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      Further Information
      Lady Allen of Hurtwood -
The Times Newspaper Obituary
(13kb - PDF)
      Lady Allen of Hurtwood - An Appreciation by Susan Harvey in the HAPA 1976 Yearbook (735kb - PDF)
      BBC Radio 4 Woman's Hour Archive - Bob Holman talks about Lady Allen's life, including excerpts from her earlier interviews (links to BBC website)
      Lady Allen of Hurtwood Memorial Trust (links to new website)

In considering Lady Marjory Allen’s lifetime, one realises that it would take most people numerous lifetimes to accomplish even a proportion of her achievements. So great was her humility, tenacity and purpose that it is a struggle to even accurately chart such exploits. Some are better known and yet others remain less visible. To name but a few of these:

  • Accomplished Landscape Architect

  • Founder member of the Institute of Landscape Architects

  • The campaigner and ‘architect’ behind the Curtis Report and the very first Children’s Act (1948)

  • Chairman of the Nursery School Association

  • Founder member of the World Organisation for Early Childhood Education (OMEP)

  • Founder member of the Children's Cinema Clubs

  • Writer for the Manchester Guardian

  • Pioneer of British Adventure Play

  • Creator and originator of British Adventure Play for Disabled Children

  • Key member of the National Playing Fields Association (NPFA) Playground Committee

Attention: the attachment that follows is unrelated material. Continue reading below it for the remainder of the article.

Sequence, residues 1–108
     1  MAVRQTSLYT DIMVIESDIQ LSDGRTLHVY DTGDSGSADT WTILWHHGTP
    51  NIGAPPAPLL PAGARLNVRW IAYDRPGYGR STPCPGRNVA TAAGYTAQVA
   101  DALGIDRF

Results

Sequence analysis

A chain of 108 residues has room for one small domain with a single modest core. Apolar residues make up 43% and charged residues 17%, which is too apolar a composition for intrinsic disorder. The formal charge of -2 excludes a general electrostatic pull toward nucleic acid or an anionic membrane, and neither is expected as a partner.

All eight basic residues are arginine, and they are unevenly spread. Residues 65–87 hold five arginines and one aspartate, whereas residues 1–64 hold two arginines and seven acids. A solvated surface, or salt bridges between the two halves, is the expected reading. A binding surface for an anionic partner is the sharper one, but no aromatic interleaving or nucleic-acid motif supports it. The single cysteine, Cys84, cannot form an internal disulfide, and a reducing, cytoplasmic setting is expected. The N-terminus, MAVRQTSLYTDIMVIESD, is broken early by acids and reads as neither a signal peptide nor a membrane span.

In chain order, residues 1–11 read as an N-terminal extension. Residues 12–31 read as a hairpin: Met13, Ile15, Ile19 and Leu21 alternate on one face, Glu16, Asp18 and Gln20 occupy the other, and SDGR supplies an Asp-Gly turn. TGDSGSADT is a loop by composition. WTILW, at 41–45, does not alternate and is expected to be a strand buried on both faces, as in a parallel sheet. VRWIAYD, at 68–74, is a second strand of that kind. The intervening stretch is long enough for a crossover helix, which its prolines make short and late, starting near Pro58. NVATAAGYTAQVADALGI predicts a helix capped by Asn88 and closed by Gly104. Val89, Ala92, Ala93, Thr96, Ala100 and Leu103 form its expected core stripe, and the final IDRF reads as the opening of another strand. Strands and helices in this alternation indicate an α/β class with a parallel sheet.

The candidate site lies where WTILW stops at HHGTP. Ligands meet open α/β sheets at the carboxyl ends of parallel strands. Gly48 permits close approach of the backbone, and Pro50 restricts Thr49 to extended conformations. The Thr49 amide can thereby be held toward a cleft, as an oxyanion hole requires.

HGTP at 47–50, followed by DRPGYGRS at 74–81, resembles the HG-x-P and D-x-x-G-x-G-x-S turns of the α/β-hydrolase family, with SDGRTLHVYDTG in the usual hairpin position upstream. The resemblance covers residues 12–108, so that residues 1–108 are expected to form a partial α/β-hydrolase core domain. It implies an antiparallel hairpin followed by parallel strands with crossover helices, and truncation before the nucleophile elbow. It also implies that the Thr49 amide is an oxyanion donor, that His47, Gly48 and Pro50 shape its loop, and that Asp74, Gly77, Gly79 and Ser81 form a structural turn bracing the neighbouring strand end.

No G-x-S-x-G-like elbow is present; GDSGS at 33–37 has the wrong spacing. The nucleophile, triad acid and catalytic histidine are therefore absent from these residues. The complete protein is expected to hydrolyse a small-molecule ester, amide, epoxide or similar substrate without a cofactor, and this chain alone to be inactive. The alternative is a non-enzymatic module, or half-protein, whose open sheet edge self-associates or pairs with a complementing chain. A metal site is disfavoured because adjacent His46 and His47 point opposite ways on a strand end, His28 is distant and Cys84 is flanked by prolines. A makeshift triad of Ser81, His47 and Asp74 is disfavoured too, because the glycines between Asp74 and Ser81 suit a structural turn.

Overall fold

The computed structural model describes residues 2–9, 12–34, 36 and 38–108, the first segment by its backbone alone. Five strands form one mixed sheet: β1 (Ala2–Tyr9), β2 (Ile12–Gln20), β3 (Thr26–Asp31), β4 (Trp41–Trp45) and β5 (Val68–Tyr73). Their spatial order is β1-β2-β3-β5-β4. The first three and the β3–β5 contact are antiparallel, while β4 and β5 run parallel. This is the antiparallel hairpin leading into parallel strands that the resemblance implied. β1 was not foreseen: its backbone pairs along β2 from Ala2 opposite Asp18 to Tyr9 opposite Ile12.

• Chairman of the London Adventure Playground Association

  • Chairman of the Handicapped Adventure Playground Association

It is noteworthy that much of the above accomplishments were achieved after her husband, Clifford Allen, died in 1939 and as a single mother bringing up her daughter.

It was Lady Allen who on observing the first junk playground at Emdrup immediately understood its wide and far reaching significance and application. She publicised the junk playground concept internationally through her Picture Post article in 1946.

It was Lady Allen who facilitated the development of adventure play, often speaking publicly, writing leaflets and pamphlets on the subject and continually campaigning for its acceptance. She was a key player in the Playground Committee of the NPFA, then of LAPA and then of HAPA. There is little doubt that it was her driving force that enabled adventure play to become established in Britain, her tenacity that developed adventure playgrounds into the mainstream of children’s playgrounds and her courage that facilitated the creation of so many adventure playgrounds across the country.

Without Lady Allen, there would probably never have been British adventure play. It is testimony to her extraordinary life that so many of us remain in debt to her, without even knowing the details of her efforts.